Twice today, we found one of these in the garage. It moves like a slug, but has no visible antennae. It is flat with a pointed “tail”. Never seen anything like it before and just curious as to what it may be. Thanks!!
Signature: Dana

Fly Pupa

Fly Pupa

Dear Dana,
Twice yesterday, about ten minutes apart, we received similar identification requests from you with the same image attached.  This is the larva or pupa of a fly, but we are uncertain which family or species it belongs to, though it does bear a resemblance to this Horse Fly larva pictured on BugGuide or this possibly Soldier Fly Larva from our archives.

Sorry about the duplicate requests…we didn’t think the first one had gone through. :)
And thanks for your quick response! We didn’t even think of anything like that bc of it’s size…about 2.5 inches long. But that does look very similar.
Thanks again,
Dana

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Subject: Little black pods?
Location: Mid Atlantic, Maryland, USA
July 10, 2014 7:28 am
I’m finding these pods around my house lately. I’ve squished them because I wanted to check and see if they were mouse droppings. They’re not. They are insect egg pods but I have no idea what I’m dealing with here. They look like grains of wild rice. Can you help me figure this out? Want to make sure we don’t have some kind of an infestation!
Signature: Nervous about pods

Fly Puparium

Fly Puparium

Dear Nervous about pods,
This is the Puparium of a Fly and if you are finding them in your home, we are guessing that somewhere in the home maggots were feeding on something.  When they are ready to pupate, the Maggots travel some distance from the food source and there they molt and transform into a Puparium.  Once back in the 1980s, our editorial staff discovered that Flesh Flies had discovered a bag with some rotting potatoes under the kitchen sink, and our first awareness was the Fly Puparia that appeared along the baseboard in the kitchen.  If you don’t find undiscarded garbage somewhere in the home, we would speculate on the possibility of a dead mouse or other creature between the walls.  Forensics for Fiction has a nice image of Fly Puparia.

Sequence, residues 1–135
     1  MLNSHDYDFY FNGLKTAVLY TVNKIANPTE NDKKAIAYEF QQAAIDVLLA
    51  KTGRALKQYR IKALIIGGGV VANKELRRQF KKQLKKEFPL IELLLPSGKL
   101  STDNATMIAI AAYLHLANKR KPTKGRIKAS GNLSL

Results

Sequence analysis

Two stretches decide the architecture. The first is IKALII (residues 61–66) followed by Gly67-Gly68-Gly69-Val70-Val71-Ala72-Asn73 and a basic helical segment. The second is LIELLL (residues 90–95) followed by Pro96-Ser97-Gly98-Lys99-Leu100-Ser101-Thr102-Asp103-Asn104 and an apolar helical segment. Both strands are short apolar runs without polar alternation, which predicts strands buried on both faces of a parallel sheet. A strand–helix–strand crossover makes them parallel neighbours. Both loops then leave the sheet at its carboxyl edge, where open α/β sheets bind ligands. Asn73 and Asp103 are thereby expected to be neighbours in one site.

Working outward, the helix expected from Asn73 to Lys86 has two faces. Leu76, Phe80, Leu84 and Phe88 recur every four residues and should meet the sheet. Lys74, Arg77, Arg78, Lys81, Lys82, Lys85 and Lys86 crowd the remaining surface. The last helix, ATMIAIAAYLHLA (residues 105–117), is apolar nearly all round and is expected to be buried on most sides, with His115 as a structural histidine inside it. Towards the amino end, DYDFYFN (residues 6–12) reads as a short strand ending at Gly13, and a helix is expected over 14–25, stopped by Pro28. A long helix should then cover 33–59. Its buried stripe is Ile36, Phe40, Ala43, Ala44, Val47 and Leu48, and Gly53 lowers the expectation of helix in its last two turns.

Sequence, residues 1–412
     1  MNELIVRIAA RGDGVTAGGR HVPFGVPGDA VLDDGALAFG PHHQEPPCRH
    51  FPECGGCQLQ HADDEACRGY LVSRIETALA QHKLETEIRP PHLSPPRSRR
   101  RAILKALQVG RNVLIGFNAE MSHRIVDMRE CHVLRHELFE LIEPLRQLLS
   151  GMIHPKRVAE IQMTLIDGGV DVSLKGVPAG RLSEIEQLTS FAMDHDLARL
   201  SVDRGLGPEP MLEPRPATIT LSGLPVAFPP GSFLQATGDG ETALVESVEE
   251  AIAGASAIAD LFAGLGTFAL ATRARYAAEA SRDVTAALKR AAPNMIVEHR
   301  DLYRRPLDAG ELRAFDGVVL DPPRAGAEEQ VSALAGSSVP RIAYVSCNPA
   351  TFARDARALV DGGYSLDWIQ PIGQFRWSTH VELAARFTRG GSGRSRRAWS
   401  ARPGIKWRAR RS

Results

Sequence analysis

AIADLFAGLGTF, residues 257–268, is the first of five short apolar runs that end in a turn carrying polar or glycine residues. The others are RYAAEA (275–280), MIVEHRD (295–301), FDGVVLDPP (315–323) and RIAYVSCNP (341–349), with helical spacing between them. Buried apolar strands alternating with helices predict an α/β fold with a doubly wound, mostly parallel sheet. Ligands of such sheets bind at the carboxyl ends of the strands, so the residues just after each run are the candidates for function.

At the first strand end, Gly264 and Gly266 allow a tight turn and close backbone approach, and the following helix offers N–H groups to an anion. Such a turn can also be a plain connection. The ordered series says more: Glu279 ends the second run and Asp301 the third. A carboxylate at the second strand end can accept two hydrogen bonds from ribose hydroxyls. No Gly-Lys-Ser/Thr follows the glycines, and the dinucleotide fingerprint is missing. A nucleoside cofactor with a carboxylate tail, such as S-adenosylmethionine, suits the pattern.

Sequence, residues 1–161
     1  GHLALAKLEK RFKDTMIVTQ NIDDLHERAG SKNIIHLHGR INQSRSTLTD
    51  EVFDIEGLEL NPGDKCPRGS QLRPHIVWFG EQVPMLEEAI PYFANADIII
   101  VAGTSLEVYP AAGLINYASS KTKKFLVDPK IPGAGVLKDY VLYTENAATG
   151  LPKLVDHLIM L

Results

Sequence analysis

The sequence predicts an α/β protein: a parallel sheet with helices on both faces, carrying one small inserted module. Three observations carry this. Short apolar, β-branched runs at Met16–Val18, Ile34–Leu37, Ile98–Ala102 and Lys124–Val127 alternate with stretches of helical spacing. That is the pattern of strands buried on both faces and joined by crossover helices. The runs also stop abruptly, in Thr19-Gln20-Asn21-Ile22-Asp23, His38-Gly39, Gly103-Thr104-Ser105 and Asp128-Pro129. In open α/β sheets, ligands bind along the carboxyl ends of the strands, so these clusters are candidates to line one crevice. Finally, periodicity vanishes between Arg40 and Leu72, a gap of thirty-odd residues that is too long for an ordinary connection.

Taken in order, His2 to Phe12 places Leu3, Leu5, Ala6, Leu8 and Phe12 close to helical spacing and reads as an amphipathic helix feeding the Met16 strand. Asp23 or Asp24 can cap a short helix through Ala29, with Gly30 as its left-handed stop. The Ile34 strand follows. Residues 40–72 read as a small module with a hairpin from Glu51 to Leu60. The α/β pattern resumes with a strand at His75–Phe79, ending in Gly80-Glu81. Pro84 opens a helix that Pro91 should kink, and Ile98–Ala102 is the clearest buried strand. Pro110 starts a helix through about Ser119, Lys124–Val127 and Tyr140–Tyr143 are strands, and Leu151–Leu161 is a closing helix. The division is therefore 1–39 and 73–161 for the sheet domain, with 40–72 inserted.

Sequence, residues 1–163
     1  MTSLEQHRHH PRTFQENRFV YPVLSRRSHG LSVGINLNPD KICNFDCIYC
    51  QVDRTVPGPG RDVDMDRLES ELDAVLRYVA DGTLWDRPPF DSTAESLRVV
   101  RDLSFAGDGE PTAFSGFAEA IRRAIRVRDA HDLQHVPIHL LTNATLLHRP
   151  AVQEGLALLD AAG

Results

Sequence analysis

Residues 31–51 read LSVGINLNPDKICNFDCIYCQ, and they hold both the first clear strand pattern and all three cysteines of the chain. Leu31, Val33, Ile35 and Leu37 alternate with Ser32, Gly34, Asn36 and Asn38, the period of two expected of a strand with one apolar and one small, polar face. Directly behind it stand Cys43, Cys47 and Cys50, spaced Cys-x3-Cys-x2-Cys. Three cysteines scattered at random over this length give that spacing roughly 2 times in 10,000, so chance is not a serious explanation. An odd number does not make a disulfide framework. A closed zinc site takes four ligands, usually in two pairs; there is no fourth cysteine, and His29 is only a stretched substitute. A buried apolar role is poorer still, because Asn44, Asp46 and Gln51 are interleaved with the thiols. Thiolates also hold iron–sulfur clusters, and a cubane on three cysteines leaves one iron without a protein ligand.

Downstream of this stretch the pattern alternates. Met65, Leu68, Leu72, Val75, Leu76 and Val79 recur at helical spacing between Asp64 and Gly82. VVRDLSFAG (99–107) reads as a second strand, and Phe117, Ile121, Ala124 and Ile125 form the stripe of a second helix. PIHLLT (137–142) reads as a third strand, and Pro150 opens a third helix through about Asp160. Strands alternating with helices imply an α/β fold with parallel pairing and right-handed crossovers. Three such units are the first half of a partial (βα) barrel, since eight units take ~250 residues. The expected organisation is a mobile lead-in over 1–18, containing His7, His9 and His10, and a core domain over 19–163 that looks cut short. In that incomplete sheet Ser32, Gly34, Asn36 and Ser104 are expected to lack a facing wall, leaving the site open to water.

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Subject: What the hell are these
Location: NWA
June 21, 2014 8:53 am
Hey Bugman,
Yesterday morning I came across 5 groups of these slugs (I believe that’s what they are). I live in North West Arkansas. So far I haven’t been able to find anything on web about what these little guys actually are. Most people are telling me that they are tent caterpillars, but I don’t believe that is correct.
Signature: J. Ramey

Fungus Gnat Larvae

Fungus Gnat Larvae

Dear J Ramey,
This is a crawling mass of Fungus Gnat Larvae in the family Sciaridae.  According to the Home, Yard & Garden Newsletter at the University of Illinois:  “Fungus gnat larvae are more likely to be numerous in areas with an overabundance of water from rainfall or irrigation. Over-watering newly laid sod can result in large populations of these larvae eating young roots. Reducing irrigation will cause a reduction in the number of fungus gnat larvae and allow the sod to root.  These larvae are not likely to cause any damage to established turf and can be ignored or washed away with heavy streams of water. As adults, they are known as dark-winged fungus gnats, which are frequently very common in the spring and fall in Illinois, flying as large swarms up to several feet across.”  

What's That Bug? does not endorse extermination